Ed Charles was a graceful, even acrobatic, third baseman who hit with some sting in his bat. Charles paid his dues with nine years in the minor leagues, and for his effort was rewarded with a major league career that was spent mostly with two of the worst teams of the 1960s, only to be rescued at the end of his career by a “miracle.”

From 1962-1964, his first three seasons with the Kansas City Athletics (and his first three seasons in the major leagues), Ed Charles batted a combined .265 and averaged 16 home runs and 72 RBIs.

Charles was signed by the Boston Braves in 1952. He would still be a minor league infielder in the Braves farm system at the end of the 1950s, blocked partly by the presence of Hall of Famer Eddie Mathews at third base for the Braves, and partly because the Braves always seemed to find other alternatives at second base and shortstop, leaving Charles in the minors despite several solid seasons.

Nearly 30 and still without a big league at-bat, Charles got his break when both major leagues expanded. The expansion to 20 teams created a flurry of trades following the 1961 season.

In December of 1961, Charles was traded with Joe Azcue and Manny Jimenez to the Kansas City Athletics for Lou Klimchock and Bob Shaw. Charles took over everyday duties at third base from Wayne Causey, and responded with an outstanding rookie season in 1962, batting .288 with 24 doubles, 17 home runs and 74 RBIs, third best on the team after Norm Siebern (117) and Jerry Lumpe (83). It would be his best season statistically at the plate.

Charles hit .267 with 15 home runs and 15 stolen bases in 1963. He also established career bests that season in doubles (28) and runs batted in (79). In 1964, his batting average slipped to .241, with 16 home runs and 63 RBIs.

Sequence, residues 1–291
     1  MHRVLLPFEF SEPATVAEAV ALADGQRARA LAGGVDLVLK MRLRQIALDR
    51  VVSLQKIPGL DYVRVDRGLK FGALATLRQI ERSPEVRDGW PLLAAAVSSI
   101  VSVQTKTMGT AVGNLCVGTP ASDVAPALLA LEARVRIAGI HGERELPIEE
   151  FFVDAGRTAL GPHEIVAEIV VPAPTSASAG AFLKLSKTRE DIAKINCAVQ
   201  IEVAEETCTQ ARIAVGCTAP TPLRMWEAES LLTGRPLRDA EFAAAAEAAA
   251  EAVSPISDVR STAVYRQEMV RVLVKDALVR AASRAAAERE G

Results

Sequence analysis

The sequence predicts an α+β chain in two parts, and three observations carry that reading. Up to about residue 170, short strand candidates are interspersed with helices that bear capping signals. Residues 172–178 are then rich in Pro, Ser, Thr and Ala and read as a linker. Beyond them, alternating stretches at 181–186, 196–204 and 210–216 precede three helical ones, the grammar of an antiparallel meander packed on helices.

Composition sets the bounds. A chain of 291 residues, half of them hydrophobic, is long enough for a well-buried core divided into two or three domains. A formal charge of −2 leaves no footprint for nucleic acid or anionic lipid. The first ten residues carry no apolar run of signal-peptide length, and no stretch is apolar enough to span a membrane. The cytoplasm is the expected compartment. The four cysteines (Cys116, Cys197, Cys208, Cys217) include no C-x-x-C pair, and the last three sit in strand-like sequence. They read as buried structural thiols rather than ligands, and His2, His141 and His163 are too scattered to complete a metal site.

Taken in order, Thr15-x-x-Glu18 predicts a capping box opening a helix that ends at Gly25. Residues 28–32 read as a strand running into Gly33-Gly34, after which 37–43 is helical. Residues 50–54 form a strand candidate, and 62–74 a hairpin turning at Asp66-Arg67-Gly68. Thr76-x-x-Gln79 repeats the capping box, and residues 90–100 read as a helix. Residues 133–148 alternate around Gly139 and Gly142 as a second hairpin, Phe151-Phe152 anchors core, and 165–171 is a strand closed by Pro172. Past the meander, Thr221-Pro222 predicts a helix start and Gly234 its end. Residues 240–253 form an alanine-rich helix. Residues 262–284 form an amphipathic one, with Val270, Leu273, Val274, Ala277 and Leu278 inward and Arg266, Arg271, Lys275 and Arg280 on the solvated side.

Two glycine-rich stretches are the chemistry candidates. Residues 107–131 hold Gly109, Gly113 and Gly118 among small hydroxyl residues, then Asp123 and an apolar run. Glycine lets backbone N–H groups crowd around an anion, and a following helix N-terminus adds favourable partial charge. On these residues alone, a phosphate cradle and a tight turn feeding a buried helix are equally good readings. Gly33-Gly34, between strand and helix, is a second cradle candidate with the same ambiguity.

In 1965 and 1966, his hitting rebounded, as he batted .269 and .286 respectively. But Kansas City owner Charles Finley had moved the outfield fences back, so that Charles smacked only 17 home runs combined over those two seasons, the same as his rookie season total. In 1967, with the arrival of rookie slugger Sal Bando, Charles was traded to the New York Mets for Larry Elliot and $50,000.

Ed Charles’ only post season appearance came in 1969 as a member of the New York Mets. He scored the winning run in Game Two, the first of four straight games the Mets would win to take the 1969 World Series.

At 34, Charles was the oldest member of the Mets roster. He hit .238 for the Mets over the rest of the 1967 season, and batted .276 in 1968, when he led the team with 15 home runs.

In 1969, he had his poorest season at the plate, batting .207 with three home runs and 18 RBIs as the Mets’ part-time third baseman. But his steady play at third base, and his steadying influence in the clubhouse, were integral to the Mets winning the National League’s first Eastern Division title. In the 1969 World Series against the Baltimore Orioles – Charles’ only postseason appearance of his career – he hit a critical double in Game Two and scored the game’s winning run. He was released by the Mets the following winter.

After eight big league seasons with a career batting average of .263, Ed Charles went out a winner.